Packard had to pay his tuition out of this $55 a month, too; you didn't get a tuition grant in those days. Bill Hewlett, as I've said, had some independent means, and they put $538 in a joint bank account. I think Packard had saved up money from General Electric, too. The Hewlett-Packard Company was launched with $538 of what you might say subscribed capital, and except for stock that employees have been able to buy since 1957, there's never been a dime raised from the public since. The company was started in 1938 or 1939, and in 1957, the only stockholders were Hewlett, Packard, and their wives. The $538 was the book value of their holdings.

Then they sold ten percent of their stock in 1957 to the public, and that established an over-the-counter market. They later sold another ten percent of their holdings to the public in some private sales. Then they've done mergers where they've traded stock since, and so now the two families only own about 60 percent of the stock, spread out through the children and a couple of grandchildren as well.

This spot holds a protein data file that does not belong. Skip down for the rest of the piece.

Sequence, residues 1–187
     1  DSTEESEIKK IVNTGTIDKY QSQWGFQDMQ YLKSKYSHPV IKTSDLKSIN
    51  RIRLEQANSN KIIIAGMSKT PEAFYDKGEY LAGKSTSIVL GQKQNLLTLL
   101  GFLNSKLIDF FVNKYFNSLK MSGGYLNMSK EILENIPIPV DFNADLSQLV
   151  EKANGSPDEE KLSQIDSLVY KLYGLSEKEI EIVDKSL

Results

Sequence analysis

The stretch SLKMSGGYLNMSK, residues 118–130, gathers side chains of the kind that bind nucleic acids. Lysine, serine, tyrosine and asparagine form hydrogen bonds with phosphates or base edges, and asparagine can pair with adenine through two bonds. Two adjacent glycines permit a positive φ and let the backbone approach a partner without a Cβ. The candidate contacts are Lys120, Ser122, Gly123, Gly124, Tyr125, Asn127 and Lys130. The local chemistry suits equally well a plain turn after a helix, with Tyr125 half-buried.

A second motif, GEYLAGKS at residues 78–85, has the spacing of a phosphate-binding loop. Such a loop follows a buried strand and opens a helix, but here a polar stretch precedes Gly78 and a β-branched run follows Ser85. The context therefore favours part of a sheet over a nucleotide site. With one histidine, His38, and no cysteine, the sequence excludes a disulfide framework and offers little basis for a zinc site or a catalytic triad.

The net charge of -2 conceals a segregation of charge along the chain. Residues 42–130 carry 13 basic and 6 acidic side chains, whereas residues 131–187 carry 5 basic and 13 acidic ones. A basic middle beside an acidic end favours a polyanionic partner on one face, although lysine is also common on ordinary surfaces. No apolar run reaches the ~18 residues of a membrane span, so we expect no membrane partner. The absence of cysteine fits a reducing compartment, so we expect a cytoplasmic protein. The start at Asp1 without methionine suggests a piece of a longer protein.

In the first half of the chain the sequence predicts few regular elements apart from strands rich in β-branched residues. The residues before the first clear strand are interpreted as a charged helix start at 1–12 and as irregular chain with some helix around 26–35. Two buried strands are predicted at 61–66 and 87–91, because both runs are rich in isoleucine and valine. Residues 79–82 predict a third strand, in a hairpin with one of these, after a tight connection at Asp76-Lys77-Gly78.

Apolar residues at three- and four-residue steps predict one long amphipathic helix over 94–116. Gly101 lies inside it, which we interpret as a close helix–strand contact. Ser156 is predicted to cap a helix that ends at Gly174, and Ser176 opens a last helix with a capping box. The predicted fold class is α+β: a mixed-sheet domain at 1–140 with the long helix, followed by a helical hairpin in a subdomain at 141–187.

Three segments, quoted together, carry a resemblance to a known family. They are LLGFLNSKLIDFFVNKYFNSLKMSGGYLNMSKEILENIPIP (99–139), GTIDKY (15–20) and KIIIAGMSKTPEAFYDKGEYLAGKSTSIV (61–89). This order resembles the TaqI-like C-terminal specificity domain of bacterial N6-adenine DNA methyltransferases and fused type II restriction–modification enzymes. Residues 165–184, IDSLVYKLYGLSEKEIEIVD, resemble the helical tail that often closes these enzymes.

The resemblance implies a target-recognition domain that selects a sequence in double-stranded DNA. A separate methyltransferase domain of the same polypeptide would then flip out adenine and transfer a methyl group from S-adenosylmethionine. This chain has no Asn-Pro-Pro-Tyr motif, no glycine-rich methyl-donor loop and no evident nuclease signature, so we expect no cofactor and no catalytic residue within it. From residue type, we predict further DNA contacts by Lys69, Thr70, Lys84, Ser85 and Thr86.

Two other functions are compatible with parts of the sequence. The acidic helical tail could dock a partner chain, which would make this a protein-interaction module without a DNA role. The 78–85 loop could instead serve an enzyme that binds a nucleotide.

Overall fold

Packard was up for confirmation as Deputy Secretary of Defense, and somebody was concerned about the $300 million worth of stock--that was real. It wasn't make-believe, because the value of the Packard family's Hewlett-Packard holdings as of that time, if you take all the members of the family, was just about that: the number of shares times the market price on the New York Stock Exchange. Now he owns other things too, including a big ranch down here at Mt. Hamilton, but that was built up entirely from reinvested earnings.